I Hate My Next-Door Neighbors

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Just Like Everything Else!: Fox 8 p.m. EDT/7 p.m. ABC Pete's wife is still on him about building that darn shed, these kids are going to be the death of Sheila and Dave, and the hot next-door neighbor is up in EVERYBODY'S business! Sunday nights on ABC couldn't be any more familiar!

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    ELIZABETH, NJ—Moments after losing his composure with an unwarranted emotional outburst, local father David Kessler reportedly apologized to his son Christopher Thursday for erroneously taking out his anger on him and not his older brother Peter.


I Hate My Next-Door Neighbors

Not long ago, I was the master of all I surveyed. As I gazed down from my mountain-top estate, I was confident in the knowledge that the fate of the yeomanry that cowered below was firmly in my grasp. I owned all the property in the local village and took 15 percent of the harvest. If a peasant wanted to leave the county, he had to pay a toll on one of my bridges and had to be back before night-fall, lest my feared mastiffs track him down and tear him limb-from-limb. Then the nouveau riche started moving in. Yes, I realize I just used a phrase from the hated French language, but it is the best way to describe the Johnny-Come-Latelies who have decided to pollute my environs with their effete ways. They claim they like to "winter" here, far from the chill and coal-smoke of the city, and hunt foxes, play polo and enjoy "cocktail" drinking-beverages and other silly nonsense.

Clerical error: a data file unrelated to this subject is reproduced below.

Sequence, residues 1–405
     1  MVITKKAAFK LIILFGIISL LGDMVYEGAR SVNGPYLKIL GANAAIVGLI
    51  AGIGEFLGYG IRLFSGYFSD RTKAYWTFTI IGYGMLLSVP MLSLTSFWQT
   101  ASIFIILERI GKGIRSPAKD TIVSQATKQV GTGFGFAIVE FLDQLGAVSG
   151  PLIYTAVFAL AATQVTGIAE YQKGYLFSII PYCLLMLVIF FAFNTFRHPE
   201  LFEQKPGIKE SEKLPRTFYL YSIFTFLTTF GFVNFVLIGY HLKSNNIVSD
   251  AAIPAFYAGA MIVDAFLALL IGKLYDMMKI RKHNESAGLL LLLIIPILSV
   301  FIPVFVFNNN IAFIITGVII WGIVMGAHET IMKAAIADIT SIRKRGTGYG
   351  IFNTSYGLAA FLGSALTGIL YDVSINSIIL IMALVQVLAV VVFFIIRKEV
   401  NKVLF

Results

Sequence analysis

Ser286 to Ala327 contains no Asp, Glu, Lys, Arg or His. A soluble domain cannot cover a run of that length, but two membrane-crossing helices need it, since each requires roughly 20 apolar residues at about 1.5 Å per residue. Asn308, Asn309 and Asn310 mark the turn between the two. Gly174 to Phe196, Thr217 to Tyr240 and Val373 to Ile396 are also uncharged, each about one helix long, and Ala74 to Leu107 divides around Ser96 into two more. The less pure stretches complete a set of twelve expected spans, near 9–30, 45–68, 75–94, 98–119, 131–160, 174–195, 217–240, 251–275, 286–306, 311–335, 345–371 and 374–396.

The worst of these sap-heads are my closest neighbors, the Baintons. They are the heirs to an enormous soap fortune and are easily the worst idlers I have ever laid eyes upon. Rather than responsibly hoard their precious wealth in a large under-ground cave, they fritter it away on lavish parties, fashionable apparel and priceless jewels. And they're about the weakest-minded bunch I've ever seen. Last week, Chauncey Bainton, the paterfamilias, paid an uninvited call to my bed-chamber. "Zweibel, old stick, how the devil are you?" he said. "Care for a few holes of golf?" Now, who in their right mind would invite a 130-year-old man encased in an iron-lung to play golf? Barely controlling my temper, I said I would be in-disposed for the remainder of the after-noon. "What a pity," Chauncey said. "But not to worry—my wife C.Z. is arranging the most absolutely cozy little supper with a few of our dearest friends this evening, and we'd be ever so thrilled if you'd grace us with your presence. And please bring along your delightful great-grand-daughter Livia. Our sons Bubbles and Busby are just mad about her, really they are!" I'll be damned if any great-grand-daughter of mine ever consorts with those balloon-headed Bainton twits! But before I could react, Chauncey had scampered out of my bed-chamber, no doubt to mingle with one or more of my equally fatuous sons, who think the Baintons are, to use a slang term preferred by the youngsters, "the bee's knees." How I despise those neighbors of mine!